It’s Time for a Multi-Party State

House Speaker John Boehner

House Speaker John Boehner (Photo: Andy Wiltrout. Some rights reserved.)

Alright! I have avoided much overtly political conversation on this blog to date, but the Federal government’s inability to work out a debt deal is driving me crazy. It is time for the different factions in Congress to split into their own parties. This is not to say that they cannot form coalitions to elect house-wide leadership or to pass bills. However, we need to free up the leadership and each parties’ membership to state their true alliances.

The main divide we see right now is between the House Speaker John Boehner-led Republican old guard and those most often cited as being backed by the Tea Party. It is time for the Tea Party to formally become a political party with its own members of Congress. This would make the lines between each group much more clear so that the various groups may focus on what is really important to them and their constituents.

Of course the real question here is whether the Tea Party is more powerful working through the Republican Party or separate from it. Boehner and the Republican old guard have the most to lose from a formal split with Tea Party backers. They would either have to give more power to the Tea Party in order to maintain a coalition or switch to working more closely with the Democrats. Even without a formal split, that’s what seems to be happening. Boehner’s trying to figure out whether he and the Republican Party have more to lose by bending more to Tea Party supporters or toward Democratic members. Republicans gained control of the House because of Tea Party support, but at least some Democrats are needed to get a deal into law.

I have been in support of a multi-party system for many years. I would love to see more choices throughout the political spectrum. I am tired of a one-on-one party fight, and now I’m tired of an internal party fight. Let’s break into a multi-party system, coming together where we have agreement and finding other partners when we don’t. The people of the United States deserve to know where their political leadership truly stands.


6 thoughts on “It’s Time for a Multi-Party State

  1. Tho’tful insights…but I wonder if the problem comes more from the way our congressional districts are drawn which keeps persons from finding a common ground in the center because now the extremes in the parties have more clout in the home districts. And it’s all about being re-elected. If district were drawn more on geographical lines rather than political, many districts would more likely have more of a cross section of voters and thus would more likely be willing to compromise to meet the needs of their district.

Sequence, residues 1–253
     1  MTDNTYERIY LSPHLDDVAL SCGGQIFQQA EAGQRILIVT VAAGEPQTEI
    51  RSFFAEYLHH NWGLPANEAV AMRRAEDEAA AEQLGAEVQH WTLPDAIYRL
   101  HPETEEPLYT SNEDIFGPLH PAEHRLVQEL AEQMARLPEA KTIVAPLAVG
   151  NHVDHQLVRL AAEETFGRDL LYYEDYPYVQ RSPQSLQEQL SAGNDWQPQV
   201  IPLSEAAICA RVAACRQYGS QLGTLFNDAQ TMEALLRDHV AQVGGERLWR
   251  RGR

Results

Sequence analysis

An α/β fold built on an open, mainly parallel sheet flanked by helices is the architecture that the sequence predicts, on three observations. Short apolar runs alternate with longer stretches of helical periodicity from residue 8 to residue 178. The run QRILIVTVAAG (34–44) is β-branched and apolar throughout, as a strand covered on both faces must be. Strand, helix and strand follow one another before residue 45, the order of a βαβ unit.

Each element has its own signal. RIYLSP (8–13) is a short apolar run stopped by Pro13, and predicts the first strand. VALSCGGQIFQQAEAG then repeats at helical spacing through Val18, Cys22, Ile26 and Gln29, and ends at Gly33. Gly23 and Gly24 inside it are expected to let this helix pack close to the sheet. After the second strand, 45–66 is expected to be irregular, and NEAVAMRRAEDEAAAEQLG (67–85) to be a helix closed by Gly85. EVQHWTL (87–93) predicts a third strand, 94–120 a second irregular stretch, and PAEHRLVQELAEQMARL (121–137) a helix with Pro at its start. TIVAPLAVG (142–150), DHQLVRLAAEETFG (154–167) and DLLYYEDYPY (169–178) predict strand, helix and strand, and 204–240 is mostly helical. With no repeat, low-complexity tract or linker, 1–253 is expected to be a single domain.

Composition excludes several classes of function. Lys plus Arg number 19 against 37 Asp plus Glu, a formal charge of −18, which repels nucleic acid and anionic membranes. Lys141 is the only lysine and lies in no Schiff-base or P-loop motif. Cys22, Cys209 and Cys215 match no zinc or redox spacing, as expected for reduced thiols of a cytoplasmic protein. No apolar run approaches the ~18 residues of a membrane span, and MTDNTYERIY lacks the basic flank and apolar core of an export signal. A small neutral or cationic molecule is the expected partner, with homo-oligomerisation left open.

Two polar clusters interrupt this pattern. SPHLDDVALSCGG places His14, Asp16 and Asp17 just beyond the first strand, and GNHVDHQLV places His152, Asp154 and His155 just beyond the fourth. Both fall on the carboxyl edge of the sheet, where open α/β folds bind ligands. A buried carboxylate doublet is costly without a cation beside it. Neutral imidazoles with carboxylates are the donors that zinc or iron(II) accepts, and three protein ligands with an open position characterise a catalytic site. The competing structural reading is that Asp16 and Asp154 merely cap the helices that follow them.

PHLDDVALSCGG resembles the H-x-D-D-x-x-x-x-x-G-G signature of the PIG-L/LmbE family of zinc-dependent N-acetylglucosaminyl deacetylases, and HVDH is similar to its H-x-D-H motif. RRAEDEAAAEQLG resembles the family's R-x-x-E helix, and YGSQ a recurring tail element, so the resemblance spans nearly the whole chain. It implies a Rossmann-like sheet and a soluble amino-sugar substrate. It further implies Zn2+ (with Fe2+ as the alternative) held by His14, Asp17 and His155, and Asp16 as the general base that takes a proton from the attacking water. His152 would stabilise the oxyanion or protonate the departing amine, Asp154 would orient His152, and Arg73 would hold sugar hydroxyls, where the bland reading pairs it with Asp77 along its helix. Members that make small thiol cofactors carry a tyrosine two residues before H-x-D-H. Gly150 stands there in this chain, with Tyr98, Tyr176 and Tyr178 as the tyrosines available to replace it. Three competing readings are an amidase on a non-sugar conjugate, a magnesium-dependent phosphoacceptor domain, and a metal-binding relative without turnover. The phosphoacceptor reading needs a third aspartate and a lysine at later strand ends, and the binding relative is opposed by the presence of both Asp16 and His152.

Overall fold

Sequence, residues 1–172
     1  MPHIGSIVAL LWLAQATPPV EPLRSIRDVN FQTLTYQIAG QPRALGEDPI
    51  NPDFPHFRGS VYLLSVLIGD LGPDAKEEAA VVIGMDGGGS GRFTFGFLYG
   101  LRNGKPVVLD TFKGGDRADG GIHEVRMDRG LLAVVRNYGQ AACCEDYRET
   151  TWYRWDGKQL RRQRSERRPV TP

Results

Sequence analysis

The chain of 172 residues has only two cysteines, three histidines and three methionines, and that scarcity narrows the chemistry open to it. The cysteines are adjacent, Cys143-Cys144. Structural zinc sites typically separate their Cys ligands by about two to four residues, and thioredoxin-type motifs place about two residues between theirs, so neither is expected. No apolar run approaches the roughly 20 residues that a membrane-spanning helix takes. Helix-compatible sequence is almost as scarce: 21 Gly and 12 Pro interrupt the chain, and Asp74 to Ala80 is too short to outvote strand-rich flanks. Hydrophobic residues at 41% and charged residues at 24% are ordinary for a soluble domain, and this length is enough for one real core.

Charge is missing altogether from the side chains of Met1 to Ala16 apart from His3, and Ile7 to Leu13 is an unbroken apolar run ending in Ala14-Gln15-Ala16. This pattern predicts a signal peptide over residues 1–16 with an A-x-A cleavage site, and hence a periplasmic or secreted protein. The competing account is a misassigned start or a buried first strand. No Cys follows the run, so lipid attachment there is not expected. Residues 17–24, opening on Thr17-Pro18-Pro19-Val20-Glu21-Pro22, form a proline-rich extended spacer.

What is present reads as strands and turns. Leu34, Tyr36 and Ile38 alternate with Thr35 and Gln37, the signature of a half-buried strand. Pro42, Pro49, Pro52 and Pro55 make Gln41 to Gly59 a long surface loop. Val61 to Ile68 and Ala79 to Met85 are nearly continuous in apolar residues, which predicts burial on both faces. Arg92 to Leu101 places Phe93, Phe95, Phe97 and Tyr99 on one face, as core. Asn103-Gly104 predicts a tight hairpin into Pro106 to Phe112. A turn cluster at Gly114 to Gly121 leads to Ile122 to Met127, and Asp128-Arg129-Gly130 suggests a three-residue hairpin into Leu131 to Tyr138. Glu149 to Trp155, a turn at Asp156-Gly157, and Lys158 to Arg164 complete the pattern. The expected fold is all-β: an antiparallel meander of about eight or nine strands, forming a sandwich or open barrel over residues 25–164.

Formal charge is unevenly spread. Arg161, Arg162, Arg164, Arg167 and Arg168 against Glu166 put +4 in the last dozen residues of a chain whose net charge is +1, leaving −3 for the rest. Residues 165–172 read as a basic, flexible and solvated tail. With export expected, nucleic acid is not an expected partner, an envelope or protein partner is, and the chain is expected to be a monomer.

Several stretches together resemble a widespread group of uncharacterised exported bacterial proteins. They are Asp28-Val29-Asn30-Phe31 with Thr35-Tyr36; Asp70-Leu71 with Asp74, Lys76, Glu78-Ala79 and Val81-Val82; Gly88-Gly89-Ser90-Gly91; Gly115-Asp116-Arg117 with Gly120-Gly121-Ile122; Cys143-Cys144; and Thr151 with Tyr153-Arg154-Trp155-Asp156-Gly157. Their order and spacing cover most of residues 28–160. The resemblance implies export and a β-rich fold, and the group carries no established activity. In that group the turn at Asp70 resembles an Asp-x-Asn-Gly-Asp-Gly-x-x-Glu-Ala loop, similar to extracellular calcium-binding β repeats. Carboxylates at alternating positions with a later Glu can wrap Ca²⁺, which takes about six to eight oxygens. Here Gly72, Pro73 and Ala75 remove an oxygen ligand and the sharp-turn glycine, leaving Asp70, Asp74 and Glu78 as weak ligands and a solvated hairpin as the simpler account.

• I agree that most congressional redistricting is problematic. This year the internet is allowing many more people to participate in the process. However, the power still rests with the majority party of many states. I wish we could adopt a non-partisan computerized program to re-draw the lines using appropriate criteria. I may need to write another post to lay out criteria I see as important. Nevertheless, the important thing would be that party affiliation or past voting trends would not come into play.

  2. I don’t see the divide so much as old-guard Reagan Republicanism versus the Tea Party as it is Conservatism ejecting moderates from the party. To some degree this Conservative triumphalism is a swing back in the political pendulum from the neo-con days of W. (ie. “Deficits don’t matter” – D. Cheney ’03ish). That triumphalism makes it, at least for me, difficult to see the edges that separate the Tea Party from the larger body of Conservatism. I think it will be some time before the “Tea Party” would be able to form a demarcated and sustainable third party. As far as social movement theory goes, the Tea Party’s current effectiveness rests in its outsider status, its status as a protest movement largely for middle-aged, middle and lower-middle class white people whose class consciousness and (as B. Ehrenreich would say, “fear of falling”) has mobilized them at the grass roots. There is, however, a wide chasm between grassroots movements and governing – an effective protest movement is rarely an effective governing body (as we see starkly in Washington right now).

    • Yes, unfortunately our political system is not helpful to sustain more than two political parties. I believe there are ways we can change this on a local level. Only after a third party establishes itself within a region will it have a chance to appear on the Congressional stage. If a third party tries to break on the national scene without a local base it will either die quickly (e.g. Perot’s Reform Party) or replace a previously established party. Though we haven’t seen the later happen since Lincoln became the first Republican President. Of course, one could argue that the Republican party was able to establish itself as a northern regional party before it became a national party.

    • Hmm, I’m a little hesitant about term limits. I think experience matters sometimes. However, I may be able to support a plan that would allow someone to run again after sitting out a couple years. That would give others some experience and allow the public to see if another could do the job better. If it turns out that the new person can’t, voters could then return their former member to Congress.

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